The Alice Griffith housing complex -- “Double Rock” -- is like a gated community, except nobody wants in. Like a prison, it’s made up of about a dozen blocks that form a world all its own.
It’s got a candy store for groceries, a guy who fixes cars, and a hair salon. For some people, that’s enough. Many of the maybe 800 residents on public assistance never leave Double Rock at all -- and for some, that’s safer. The streets outside are rival gang territory and a trip to the T-line just 5 blocks away can be lethal, especially for young men.
So instead many of the residents of Double Rock, cut off from the world, sit tight and spin their wheels -- often literally. Cars pull up and down the streets in between dilapidated tenements, going nowhere. Kids race by on razor scooters. The place can be a flurry of activity. It’s something to do.
Thursday afternoon, the city started a program to try and make them a better offer.
The program, called “The Hook Up Neighborhood Service Fairs” (is it possible to have something happen in San Francisco that’s not an obvious double entendre? Please?) is a “mini service fair” intended to reach at-risk youth and adults with basic services and opportunities that can connect them to the outside world. It’s a reaction to the rising tide of deadly summer violence -- an alternative to just cracking down with more police.
Run by the Mayor’s Office of Criminal Justice, the service fairs have a fairly simple premise: “People need access,” said Tinish Hollins, the Community Liason for the MCOJ who organized Thursday’s event. “A lot of times we may debate about whether their reasons for not getting it make sense to us … how hard is it to go down to city hall to get an ID? … but instead of telling them they’re wrong, we’re here coming to them, to help provide access.”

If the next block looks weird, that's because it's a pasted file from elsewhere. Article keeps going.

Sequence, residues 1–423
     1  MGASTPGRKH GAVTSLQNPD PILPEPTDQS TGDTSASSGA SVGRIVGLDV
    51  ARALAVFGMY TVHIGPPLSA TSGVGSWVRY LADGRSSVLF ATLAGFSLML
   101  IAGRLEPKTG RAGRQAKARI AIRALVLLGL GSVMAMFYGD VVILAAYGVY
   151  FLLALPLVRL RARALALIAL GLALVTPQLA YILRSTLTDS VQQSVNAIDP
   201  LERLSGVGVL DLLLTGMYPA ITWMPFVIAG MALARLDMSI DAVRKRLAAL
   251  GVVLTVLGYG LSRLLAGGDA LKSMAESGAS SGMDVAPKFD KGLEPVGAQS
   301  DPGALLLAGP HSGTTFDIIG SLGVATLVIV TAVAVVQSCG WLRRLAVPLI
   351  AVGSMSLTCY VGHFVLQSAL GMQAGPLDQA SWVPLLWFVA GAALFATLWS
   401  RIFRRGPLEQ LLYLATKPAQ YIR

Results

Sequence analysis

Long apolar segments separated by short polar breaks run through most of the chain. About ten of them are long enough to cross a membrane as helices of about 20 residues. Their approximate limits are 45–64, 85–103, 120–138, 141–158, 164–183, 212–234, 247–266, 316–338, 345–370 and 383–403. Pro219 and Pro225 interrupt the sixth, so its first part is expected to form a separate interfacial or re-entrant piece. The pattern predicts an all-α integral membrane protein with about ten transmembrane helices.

Community organizers like Hollins decided what services at-risk residents most need, and the MCOJ tried to provide. It was basic stuff: forms to get a Social Security Card, a drivers license or state ID, access to health care … and, of course, work. Especially for kids.
Applications for free summer camps, classes, and events were on-hand, along with applications for pricier pastimes that offered scholarships (anybody from the projects want to go to Shakespeare Camp?). Job materials for 16-19 year olds were there from Juma Ventures, which sells food at Giants, A’s, and 49ers games.
So were materials from the Mayor’s Youth, Employment and Education Program, but ironically only spots for kids on parole were available … the application deadline for kids who haven’t been convicted of a crime was June 1, a little too soon for the event. I actually heard a mother asking about her child get turned away because he wasn’t involved in the criminal justice system.
There were also applications for the United Way’s “Jobs for Youth” program -- but that application requires a résumé, which was daunting.
Problems like these come up because of the program’s ad hoc nature. At a recent Public Safety Committee meeting, Supervisor Sophie Maxwell praised the premise behind these programs (there will be three more this summer, at other housing complexes) but pointed out that parents who actually care what their children are doing over the summer have made plans long before July. Wouldn’t it be possible, she asked, to plan this out better, advertise in advance, and get kids enrolled before the next summer of violence starts?
The Mayor’s Office of Criminal Justice said yes.
(Okay, I’ve got to stop here and ask: just HOW MANY programs out of City Hall need to have the word “Mayor” in them? There’s the Mayor’s Office of Community Development, the Mayor’s Office on Disability, the Mayor’s Disability Council, the Mayor’s Office on Homelessness. . . okay already! Mr. Mayor, we know you exist!)
Next year, said MCOJ Deputy Director Lenore Anderson, the service fairs and other, related events (like “Summer Jams”; “Violence Free Zones” and “DCYF Block Parties”) will be presented well in advance as part of a better coordinated effort to keep summer violence from happening and build a bridge into the insulated world of public housing projects.
In the meantime, an estimated 60 people signed up for services or helped their kids get a job. Who knows – it might help them make it out of their gated community.